So what’s the Trump administration’s strategy for checking Iran? That’s still a work in progress. But some measures can and should be taken immediately. In particular, unlike his predecessor, President Trump should refrain from facilitating Iran’s support for terrorism and war crimes.
For example: During the final months of the Obama administration, the U.S. Treasury Department issued a license for Boeing to sell 100 new planes to Iran Air, “The Airline of the Islamic Republic of Iran.” Treasury also issued licenses to Airbus for a similarly sized deal. Iranian officials claim these aircraft will be used for civilian purposes only.
The evidence suggests they’re lying. Emanuele Ottolenghi, my colleague at the Foundation for Defense of Democracies, has been painstakingly tracking Iran Air flights between Tehran and Damascus. There have been 768 since Jan. 16, 2016, the day that President Obama’s nuclear deal with Iran, the Joint Comprehensive Plan of Action (JCPOA) was implemented. Of those, 129 were on Iran Air.
Dr. Ottolenghi believes few, if any, are ferrying tourists keen on sightseeing, shopping and fine dining. He believes they are supplying military equipment and fighters in support of Mr. Assad’s forces and those of Hezbollah, Iran’s Lebanon-based proxy militia which has been deployed to help defend Mr. Assad’s regime.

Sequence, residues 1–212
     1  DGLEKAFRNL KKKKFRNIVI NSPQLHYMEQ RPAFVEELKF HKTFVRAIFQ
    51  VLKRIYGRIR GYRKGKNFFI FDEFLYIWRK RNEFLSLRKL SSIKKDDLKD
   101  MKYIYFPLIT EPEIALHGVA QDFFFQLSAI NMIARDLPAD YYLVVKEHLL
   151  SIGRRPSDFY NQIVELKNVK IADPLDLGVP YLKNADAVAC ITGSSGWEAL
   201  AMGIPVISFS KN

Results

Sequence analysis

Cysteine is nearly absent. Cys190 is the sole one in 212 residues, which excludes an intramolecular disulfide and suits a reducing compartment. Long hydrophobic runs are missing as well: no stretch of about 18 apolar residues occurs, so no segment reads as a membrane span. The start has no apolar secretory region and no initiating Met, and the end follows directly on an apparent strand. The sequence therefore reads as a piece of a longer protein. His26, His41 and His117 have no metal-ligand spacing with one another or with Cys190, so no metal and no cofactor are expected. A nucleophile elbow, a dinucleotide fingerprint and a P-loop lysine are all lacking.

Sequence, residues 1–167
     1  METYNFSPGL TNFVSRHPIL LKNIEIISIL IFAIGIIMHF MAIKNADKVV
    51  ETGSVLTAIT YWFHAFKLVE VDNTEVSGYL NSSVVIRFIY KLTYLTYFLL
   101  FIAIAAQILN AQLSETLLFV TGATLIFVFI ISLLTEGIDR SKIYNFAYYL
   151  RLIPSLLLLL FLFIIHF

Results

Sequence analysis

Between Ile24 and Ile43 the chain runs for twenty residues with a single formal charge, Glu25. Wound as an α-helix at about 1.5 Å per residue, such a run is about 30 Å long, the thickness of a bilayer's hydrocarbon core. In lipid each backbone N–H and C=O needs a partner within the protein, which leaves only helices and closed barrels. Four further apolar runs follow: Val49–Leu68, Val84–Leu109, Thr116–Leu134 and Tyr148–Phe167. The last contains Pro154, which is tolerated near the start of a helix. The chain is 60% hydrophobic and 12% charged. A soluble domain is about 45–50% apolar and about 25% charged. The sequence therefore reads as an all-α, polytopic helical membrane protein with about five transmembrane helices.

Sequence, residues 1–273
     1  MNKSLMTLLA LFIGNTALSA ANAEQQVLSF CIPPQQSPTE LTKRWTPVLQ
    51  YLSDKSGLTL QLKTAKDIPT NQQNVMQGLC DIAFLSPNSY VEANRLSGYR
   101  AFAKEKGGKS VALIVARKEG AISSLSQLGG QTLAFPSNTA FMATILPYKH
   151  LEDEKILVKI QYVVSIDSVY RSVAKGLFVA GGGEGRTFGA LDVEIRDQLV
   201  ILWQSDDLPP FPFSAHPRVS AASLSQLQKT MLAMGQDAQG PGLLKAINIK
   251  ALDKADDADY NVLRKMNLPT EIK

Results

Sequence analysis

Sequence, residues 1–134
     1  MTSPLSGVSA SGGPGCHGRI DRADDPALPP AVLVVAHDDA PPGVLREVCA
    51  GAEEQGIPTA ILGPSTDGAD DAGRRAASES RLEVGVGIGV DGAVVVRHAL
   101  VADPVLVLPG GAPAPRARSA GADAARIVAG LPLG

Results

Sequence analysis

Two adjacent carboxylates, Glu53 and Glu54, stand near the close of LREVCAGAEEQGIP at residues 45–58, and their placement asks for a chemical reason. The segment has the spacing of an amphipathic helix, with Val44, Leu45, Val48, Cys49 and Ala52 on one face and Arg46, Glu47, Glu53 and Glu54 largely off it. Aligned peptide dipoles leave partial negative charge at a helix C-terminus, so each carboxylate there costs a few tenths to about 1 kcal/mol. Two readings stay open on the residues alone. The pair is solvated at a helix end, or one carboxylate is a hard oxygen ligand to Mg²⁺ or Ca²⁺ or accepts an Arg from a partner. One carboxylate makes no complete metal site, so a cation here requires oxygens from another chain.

It’s worth recalling that, in 2011, Treasury “designated” Iran Air for providing material support and services to Iran’s Revolutionary Guard Corps which had itself been designated for proliferating weapons of mass destruction. Treasury particularly noted that Iran Air had been transporting “missile or rocket components to Syria.”
Then, suddenly, just over a year ago, Iran Air’s designation was removed. Administration spokesmen declined to explain why except to say they were acting “pursuant” to the JCPOA. An educated guess: President Obama had added a sweetener — one of many — to a deal he saw as essential to his legacy.
Decades of sanctions against Iran’s civil aviation sector were lifted as well. In congressional testimony earlier this month, Dr. Ottolenghi said that from Iran’s perspective, the timing could not have been better: This was the point at which the aviation sector “became vital to Tehran’s war efforts in the Syrian theater.”
Dr. Ottolenghi is recommending that the Trump administration, at the least, now “suspend licensing for aircraft deals while it conducts a thorough review of their role in the airlifts to Syria.”